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    1. Adding to the good Andy advice. If you can see light coming into your house (obviously except a window) they can get in. Seal it and if its a big enough opening, use steel wool to stuff in the opening. They can't chew through that. Also sprinkle a little boric acid down for ants. Put traps tight along walls as they don't like wide open spaces. If you see a rodent traveling through the middle of a room you have a bigger problem than you thought. Never tried bird seed but peanut butter is better than cheese. Glue boards are good but don't forget to check them and make sure located where pets can't get stuck. If you have a cat, hire a new one.

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  8. When it comes to wasps and mice (and spiders), it's me or them. Evolutionary ladder privileges. I have no desire to suffer from the many diseases carried in rodent droppings, like say hantavirus, with it's symptoms of feeling like your lungs are being squeezed by a rubber band and having a pillow held over your face - and then there is the 38% mortality rate. You should be honored with a plaque for your service to humanity.

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  9. Getchoo a kitty, Mr. S...rodent infestations were the reason that man domesticated felines in the first place. Unfortunately, not all cats will chase mice. One will literally allow a mouse to run right past its whiskers and then display the kitty equivalent of "meh" on its face--while its furry housemate will turn out to be a ruthless and efficient killer. It all depends on the cat's pussonality.

    We had mice during the early days of the Plague...in the spring of 2020. Heidi, our lazy and fuzzy Persian Princess, never lifted a paw. Mousing was beneath her dignity. But sleek all-black Onyx hunted them down and neutralized the threat. Some of the mice were not yet dead, just playthings and torture victims. I had to finish them off, and hear their final squeaks as I bashed them into eternity.

    We finally had to call in our exterminator...the ant and centipede guy. He put down those same black triangles. That same week, I reported what I thought was a gas leak. It was actually the stench of the decomposing mice, emanating from under our screen porch. How did you deal with the accompanying stink, Mr. S? Or did you just choose not to discuss it? Luckily, it doesn't last very long.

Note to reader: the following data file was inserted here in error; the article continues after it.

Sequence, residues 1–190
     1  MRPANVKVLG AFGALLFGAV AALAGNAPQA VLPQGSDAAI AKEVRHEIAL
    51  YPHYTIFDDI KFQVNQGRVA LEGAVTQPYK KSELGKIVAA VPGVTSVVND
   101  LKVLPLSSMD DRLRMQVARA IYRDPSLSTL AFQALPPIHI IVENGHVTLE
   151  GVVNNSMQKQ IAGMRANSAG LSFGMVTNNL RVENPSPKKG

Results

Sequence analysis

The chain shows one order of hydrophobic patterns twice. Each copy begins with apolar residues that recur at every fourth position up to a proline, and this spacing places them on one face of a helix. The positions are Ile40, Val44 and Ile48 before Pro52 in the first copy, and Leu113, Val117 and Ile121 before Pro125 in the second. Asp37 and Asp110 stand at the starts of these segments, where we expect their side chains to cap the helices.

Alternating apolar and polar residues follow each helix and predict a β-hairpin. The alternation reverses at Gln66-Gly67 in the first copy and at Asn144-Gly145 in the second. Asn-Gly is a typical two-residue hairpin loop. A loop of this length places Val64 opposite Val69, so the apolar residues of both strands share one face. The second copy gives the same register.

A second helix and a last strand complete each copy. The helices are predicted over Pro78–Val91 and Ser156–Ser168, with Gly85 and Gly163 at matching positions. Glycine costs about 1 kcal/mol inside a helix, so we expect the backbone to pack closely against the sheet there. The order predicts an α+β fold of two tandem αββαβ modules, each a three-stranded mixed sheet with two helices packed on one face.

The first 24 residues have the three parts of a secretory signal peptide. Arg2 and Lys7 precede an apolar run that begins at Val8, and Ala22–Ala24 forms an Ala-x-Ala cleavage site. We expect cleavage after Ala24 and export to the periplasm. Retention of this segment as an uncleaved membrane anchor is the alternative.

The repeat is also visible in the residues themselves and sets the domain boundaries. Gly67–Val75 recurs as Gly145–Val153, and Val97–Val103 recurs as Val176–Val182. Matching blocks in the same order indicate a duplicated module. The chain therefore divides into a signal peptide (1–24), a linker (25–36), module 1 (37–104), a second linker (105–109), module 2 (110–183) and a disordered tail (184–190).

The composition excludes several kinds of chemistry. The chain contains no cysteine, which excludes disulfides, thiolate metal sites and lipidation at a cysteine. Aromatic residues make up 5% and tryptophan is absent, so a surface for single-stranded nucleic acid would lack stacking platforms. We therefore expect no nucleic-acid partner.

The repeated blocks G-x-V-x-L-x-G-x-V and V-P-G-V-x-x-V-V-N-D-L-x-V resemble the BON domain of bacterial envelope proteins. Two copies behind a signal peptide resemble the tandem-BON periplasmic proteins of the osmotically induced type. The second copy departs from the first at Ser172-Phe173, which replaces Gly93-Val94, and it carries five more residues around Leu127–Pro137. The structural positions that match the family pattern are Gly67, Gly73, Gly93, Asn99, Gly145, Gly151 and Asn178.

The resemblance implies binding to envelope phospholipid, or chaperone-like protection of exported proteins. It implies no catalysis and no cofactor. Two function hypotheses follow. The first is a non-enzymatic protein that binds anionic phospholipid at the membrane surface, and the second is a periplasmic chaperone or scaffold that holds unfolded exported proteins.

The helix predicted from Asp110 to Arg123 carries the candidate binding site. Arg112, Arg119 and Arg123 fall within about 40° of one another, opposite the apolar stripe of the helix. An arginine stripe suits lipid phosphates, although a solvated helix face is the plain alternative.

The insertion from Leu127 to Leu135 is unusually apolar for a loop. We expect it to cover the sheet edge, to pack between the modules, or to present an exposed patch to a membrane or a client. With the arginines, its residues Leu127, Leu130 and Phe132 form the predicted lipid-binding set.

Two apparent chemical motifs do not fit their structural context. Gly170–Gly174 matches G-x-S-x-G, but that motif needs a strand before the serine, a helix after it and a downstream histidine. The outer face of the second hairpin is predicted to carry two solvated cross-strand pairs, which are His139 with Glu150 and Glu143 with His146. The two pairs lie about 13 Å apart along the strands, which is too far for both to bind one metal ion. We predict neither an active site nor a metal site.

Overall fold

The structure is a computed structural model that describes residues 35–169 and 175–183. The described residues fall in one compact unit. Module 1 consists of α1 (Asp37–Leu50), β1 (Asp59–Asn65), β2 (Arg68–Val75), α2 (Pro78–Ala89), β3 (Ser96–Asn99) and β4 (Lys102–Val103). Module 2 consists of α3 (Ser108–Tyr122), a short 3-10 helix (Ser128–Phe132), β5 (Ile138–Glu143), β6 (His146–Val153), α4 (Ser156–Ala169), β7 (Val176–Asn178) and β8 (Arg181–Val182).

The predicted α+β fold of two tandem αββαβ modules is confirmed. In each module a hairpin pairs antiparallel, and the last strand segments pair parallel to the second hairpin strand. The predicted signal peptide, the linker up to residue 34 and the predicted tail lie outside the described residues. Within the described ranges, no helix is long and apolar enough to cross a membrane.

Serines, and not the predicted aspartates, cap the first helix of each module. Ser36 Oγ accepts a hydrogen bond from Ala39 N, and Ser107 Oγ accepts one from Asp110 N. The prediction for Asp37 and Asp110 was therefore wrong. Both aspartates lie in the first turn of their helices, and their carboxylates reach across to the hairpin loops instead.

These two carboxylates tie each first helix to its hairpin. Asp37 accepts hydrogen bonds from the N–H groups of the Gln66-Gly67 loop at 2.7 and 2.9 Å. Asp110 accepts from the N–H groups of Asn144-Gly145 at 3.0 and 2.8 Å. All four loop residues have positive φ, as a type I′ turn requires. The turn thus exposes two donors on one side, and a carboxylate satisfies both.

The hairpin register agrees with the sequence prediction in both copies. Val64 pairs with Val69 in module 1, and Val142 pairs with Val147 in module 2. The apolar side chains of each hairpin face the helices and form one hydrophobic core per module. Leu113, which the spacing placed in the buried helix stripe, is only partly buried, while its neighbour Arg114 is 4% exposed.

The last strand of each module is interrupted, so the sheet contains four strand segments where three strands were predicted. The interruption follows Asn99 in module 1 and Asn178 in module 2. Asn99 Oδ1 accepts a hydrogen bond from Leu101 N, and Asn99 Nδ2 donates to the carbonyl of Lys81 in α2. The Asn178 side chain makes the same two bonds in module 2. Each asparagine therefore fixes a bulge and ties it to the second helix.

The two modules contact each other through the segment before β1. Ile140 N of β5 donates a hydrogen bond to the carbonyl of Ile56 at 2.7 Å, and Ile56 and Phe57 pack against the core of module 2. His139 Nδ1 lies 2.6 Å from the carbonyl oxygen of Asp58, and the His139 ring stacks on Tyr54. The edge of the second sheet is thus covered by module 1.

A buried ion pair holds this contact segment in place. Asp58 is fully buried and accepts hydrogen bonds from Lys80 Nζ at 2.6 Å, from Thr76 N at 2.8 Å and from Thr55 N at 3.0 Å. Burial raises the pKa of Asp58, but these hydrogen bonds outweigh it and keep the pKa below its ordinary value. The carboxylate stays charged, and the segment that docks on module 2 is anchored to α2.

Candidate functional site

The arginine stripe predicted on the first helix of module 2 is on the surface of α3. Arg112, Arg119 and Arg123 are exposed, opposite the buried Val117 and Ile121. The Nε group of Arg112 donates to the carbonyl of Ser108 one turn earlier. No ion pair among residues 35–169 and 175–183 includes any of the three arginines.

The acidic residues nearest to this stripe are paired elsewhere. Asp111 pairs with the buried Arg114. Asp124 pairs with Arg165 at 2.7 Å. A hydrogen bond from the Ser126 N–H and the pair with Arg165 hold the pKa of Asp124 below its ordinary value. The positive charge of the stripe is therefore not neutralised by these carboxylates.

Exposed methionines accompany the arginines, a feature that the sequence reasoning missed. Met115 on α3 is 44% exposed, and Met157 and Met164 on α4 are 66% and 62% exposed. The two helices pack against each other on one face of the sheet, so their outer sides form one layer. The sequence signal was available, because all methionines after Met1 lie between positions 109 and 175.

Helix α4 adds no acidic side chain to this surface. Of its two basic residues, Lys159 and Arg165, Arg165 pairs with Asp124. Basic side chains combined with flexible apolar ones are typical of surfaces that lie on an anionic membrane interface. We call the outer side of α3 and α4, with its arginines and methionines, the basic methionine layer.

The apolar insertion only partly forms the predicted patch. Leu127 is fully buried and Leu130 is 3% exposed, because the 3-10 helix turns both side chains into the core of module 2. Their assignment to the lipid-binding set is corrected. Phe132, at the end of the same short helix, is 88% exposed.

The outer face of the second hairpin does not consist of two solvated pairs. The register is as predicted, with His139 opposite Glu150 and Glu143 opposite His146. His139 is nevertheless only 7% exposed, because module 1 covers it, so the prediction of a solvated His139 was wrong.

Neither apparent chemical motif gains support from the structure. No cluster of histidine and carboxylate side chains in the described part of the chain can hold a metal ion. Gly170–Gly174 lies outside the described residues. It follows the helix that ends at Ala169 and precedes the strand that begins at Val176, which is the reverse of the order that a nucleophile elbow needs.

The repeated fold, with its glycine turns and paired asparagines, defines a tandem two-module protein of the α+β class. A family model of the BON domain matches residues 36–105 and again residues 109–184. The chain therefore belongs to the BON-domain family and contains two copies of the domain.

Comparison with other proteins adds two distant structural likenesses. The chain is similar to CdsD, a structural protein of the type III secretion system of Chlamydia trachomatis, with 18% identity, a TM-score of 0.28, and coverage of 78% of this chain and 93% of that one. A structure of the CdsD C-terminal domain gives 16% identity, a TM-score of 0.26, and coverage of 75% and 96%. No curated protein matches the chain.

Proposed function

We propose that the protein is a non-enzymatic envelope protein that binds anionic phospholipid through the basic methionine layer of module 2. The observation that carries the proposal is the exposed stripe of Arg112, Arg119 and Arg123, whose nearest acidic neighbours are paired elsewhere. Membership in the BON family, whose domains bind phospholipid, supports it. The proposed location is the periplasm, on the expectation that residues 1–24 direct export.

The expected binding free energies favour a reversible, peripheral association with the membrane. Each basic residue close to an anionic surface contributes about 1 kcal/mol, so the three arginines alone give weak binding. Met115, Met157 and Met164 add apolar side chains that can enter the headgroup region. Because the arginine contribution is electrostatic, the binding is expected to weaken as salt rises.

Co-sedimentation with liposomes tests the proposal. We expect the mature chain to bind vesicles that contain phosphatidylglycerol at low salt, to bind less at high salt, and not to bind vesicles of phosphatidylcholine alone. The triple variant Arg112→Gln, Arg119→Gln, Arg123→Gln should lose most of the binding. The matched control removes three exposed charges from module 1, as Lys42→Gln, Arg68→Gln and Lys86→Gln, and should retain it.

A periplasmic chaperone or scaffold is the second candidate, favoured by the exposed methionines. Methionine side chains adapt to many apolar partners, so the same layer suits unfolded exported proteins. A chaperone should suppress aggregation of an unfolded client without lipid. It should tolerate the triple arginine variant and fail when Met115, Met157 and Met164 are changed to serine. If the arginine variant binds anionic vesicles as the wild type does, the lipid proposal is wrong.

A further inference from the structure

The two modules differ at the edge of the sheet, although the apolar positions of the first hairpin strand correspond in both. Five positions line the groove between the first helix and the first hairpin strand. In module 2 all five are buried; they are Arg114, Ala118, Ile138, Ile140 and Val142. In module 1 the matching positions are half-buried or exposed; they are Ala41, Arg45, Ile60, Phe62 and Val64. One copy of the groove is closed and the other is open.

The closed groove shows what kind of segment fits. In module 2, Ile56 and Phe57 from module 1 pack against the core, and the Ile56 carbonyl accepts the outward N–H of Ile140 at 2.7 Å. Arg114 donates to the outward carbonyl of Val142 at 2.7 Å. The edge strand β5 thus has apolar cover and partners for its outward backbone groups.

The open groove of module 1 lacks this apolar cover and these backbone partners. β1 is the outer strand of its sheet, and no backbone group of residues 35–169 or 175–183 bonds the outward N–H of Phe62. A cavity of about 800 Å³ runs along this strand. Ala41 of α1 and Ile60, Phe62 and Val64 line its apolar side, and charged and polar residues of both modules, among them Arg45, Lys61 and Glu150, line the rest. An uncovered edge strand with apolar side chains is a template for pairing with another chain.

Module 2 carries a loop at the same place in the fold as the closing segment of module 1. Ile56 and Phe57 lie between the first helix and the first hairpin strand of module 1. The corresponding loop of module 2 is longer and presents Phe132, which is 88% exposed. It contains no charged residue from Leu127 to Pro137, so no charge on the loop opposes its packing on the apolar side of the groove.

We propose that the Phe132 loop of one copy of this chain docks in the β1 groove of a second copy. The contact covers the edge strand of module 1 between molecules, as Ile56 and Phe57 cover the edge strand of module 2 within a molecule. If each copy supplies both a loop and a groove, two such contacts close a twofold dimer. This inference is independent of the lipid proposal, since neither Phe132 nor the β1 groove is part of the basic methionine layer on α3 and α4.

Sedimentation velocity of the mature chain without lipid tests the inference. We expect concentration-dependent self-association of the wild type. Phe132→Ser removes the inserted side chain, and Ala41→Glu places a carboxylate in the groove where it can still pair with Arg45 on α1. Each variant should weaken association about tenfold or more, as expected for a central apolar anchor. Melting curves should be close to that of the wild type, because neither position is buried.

All your life, you see cartoons in which the mice are lured into baited traps with wedges of cheese, often Swiss cheese that has holes, so that there's no mistaking it for what it is. Then I heard or read that mice aren't really attracted to cheese, and that it's an urban myth, and that peanut butter is much better.

    So this story tells me that the cheese thing is true after all. But what puzzles me is that nobody ever mentions the possibility of the bait attracting other vermin, such as ants and roaches. Then you've merely replaced one problem with another. Sometimes, solutions only lead to other difficulties. We did keep our black triangles. No mice this year....and no sport for Onyx. But I'll end this reply the way I began it...getchoo a kitty. Too bad your son's cat wasn't still around.

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    1. Oh, and even if there are no mice present, or your animal companion chooses not to be a mouser, kitties are still fun to have around, and bring joy, delight, and hours of endless amusement into a household.They give a home its soul. Ask the kitty guy who has shared his living quarters with cats for the last forty years.

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  10. It's somehow reassuring to be reminded that life in the leafy, suburban paradise is not *all* visiting with cheery neighbors during peaceful dog walks, ambling over to the nearby public library, chats with the local bookstore owner, contemplation of the abundant flora and fauna, and victorious campaigns with the Ariens. : )

    LOJC beat me to my comment, which, before I even got to *that* line was *going* to be "Twice at the most."

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  11. I have to go to the store every few weeks and buy a mouse. My son feeds them to his snake it's fascinating to watch. We had mice in our old place and I asked him can't we just catch him in a live trap and feed dad to the snake.

    He's like no dad you have no idea what those mice might of eight and I'm not going to poison my snake

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  12. A 50/50 mixture of Portland cement & corn flour will rid you of the mice.
    They will die of terminal constipation.

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  13. we haven't driven or maintained our cars as we did prior to the pandemic. My spouse brought his car in to fix the windshield washer fluid hose, which had stopped working. The mechanic took photos of the 'problem'. Mice made a nest in his car engine compartment and chewed through the tubing! I was going to purchase a device for the car that emits high frequency sound to repel rodents. There were hundreds of 5-star reviews on Amazon. But further research suggests the devices don't work. So - no.

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  14. If you want to end their lives humanely, if that even makes sense, I think you are better off with the snap traps - they are violent, but quick. No extended suffering as with poison. But as others have noted, you can get live traps and relocate the mice. I have done this many times. But since I no longer have small children in the house, now when I relocate them I don't have to bring along a bag of Cheerios to tide them over in their new home.